Leaders of the Pike Transit Initiative (PTI) are moving ahead with their project to bring streetcars to the Columbia Pike corridor and plan to bring their proposal to the Fairfax County and Arlington County boards late this summer. There will be public meetings on the proposal in April and May.
If the project is approved, the streetcars could begin operating in 2016 or 2017.
The PTI “is at a critical point,” Leonard Wolfenstein, chief of the transportation section of the Fairfax County Department of Transportation, told members of the Northern Virginia Streetcar Coalition, a citizens advocacy group, at a meeting Feb. 27 at the Goodwin House in Bailey’s Crossroads. During 2011, the PTI brought in experts to develop the project design and review the cost estimates.
The project leaders confirmed the length of the project—from the Skyline Center to Pentagon City—which is about five miles, Wolfenstein said. The streetcars would run on electricity and would be powered by a system of overhead wires and underground feeders. There would be five substations along the route and an operations and maintenance facility at Pentagon City.
There won’t be a dedicated right of way for the streetcars; they will run on existing traffic lanes shared with cars and buses.
The PTI had considered extending the streetcars all the way to the Alexandria campus of Northern Virginia Community College but rejected that option because it would cost an additional $50 million to $10 million, its proximity to wetlands would add a layer of environmental complications, and because property owners at Skyline Plaza were not supportive. “We want to work with people who are willing partners,” said Stephen Del Guidice, Arlington’s Transit Bureau chief.
According to Wolfenstein, the streetcars will bring three major benefits to the Columbia Pike corridor: increased capacity to handle traffic, enhanced access within the corridor and to the regional transit network, and increased economic development along Columbia Pike and in Bailey’s Crossroads.
There are three options under consideration for the terminus at the Skyline Center, said Jason Mumford, project manager with AECOM, the consulting company hired by PTI to design and evaluate the project. Those options include the center of the Skyline Center behind Target (the most expensive option), Route 7 across from the Skyline Center, and along Jefferson Street.
A new transit center is also proposed for Bailey’s Crossroads behind the Olive Garden on Route 7. It would have half a dozen bus bays and about 200 parking spaces, Wolfenstein said. That project could be part of a joint venture as the Bailey’s Crossroads town center is developed.
AECOM compared the streetcar project with other alternatives, including an improved bus system and articulated buses.
The streetcars would handle 26,000 riders a year when they begin operations in 2016-17 and as many as 30,500 by 2030, Mumford said. Many of those users are expected to be residents of the Skyline Center which was built in the early 1970s with the expectation that the development would be served by Metro.
Streetcars are more effective than buses for several reasons, Del Guidice said, although he acknowledged that streetcars “will not significantly improve travel times.” Streetcars are larger and have more doors than buses, he said. A standard bus holds 60 people (including people standing up), while streetcars hold 110. An articulated bus falls somewhere in between.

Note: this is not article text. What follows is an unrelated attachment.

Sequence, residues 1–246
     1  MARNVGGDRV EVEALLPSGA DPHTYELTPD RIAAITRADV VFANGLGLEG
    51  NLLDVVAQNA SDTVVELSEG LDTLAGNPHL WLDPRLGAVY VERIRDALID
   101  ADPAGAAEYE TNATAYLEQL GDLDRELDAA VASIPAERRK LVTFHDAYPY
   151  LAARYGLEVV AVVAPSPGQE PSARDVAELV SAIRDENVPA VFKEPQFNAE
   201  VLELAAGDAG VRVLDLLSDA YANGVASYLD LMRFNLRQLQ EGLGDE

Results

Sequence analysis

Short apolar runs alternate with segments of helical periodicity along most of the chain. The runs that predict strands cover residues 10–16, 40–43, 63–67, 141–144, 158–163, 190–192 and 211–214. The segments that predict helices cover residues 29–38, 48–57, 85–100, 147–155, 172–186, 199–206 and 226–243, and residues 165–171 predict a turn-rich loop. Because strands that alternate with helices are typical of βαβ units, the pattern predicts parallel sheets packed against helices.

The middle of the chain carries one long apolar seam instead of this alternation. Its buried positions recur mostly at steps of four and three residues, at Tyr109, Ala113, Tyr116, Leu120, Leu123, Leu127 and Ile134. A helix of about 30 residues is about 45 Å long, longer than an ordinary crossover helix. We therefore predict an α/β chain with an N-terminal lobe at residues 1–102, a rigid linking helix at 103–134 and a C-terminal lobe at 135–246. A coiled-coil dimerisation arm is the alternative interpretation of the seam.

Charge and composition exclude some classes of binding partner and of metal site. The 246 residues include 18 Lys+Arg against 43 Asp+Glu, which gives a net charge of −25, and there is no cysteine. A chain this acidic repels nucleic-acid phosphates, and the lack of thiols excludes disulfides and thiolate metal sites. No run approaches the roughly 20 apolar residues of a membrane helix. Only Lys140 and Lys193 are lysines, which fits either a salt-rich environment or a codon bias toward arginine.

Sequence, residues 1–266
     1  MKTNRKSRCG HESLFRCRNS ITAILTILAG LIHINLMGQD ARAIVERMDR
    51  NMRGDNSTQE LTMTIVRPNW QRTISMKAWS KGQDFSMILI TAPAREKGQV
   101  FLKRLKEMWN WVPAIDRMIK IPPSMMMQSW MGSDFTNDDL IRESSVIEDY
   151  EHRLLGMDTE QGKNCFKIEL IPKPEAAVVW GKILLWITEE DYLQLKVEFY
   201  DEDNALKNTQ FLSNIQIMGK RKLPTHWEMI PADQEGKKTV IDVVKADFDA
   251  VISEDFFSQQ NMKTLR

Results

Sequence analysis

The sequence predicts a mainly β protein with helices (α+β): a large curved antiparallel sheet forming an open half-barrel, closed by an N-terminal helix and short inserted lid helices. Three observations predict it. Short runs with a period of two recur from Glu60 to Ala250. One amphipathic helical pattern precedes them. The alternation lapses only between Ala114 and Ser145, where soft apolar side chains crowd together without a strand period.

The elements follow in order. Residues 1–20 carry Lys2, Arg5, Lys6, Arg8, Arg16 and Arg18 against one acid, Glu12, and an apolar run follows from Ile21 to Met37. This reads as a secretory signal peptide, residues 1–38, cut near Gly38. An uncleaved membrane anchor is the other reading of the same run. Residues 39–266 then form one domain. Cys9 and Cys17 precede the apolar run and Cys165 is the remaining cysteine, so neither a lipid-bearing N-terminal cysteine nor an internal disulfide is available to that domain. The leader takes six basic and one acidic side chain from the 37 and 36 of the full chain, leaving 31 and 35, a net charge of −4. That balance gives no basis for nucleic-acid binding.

“People are more likely to ride rail,” he said. And unlike the other options, streetcars would serve as a catalyst for economic development and would enhance the quality of life along the corridor.
Lauryn Douglas, a transportation planner with AECOM, said streetcars would lead to a 4 percent increase in property values adjacent to the right of way—resulting in more tax revenue.
The streetcars would have “off-board fare collection,” which would make boarding the buses faster. “That is key to making this work,” said Del Guidice. Passengers would purchase tickets at transit stops, rather than as they board. He envisions the use of some sort of “smart trip” technology, as well as a paper-ticket option, which would be useful for non-residents.
The streetcars would replace the 16G and H bus routes, but other buses will continue to serve Columbia Pike, Mumford said Arlington is also planning other improvements along Columbia Pike, including streetscape improvements and “more robust bus stop facilities.”
Del Guidice explained why the current cost estimates ($242-261 million in capital costs and $22.5-29.6 for operations and maintenance) are so much higher than those announced in 2007 ($241-231 million plus $19.4-$25.2). The new cost projections take inflation into account and reflect the costs to meet federal building standards, while those done in 2007 don’t.
The 2011 costs include extending the Skyline terminus to Route 7, not all the way to Target, plus structural improvements to the bridge over Four Mile Run.
An enhanced bus system would cost $5 million in capital costs plus $23.3 million for operations and maintenance, while an articulated bus system would cost $53 million for capital costs and $22.5 million for operations and maintenance.
Del Guidice called streetcars a good value when you consider Metro costs about $250 million per mile.
He noted that the Columbia Pike streetcar system might eventually connect with other transit projects under study in Alexandria to run along Route 1, Route 7, and the Beauregard corridor. And once the project is up and running, you can expect a proposal to extend it all the way up Columbia Pike to Annandale.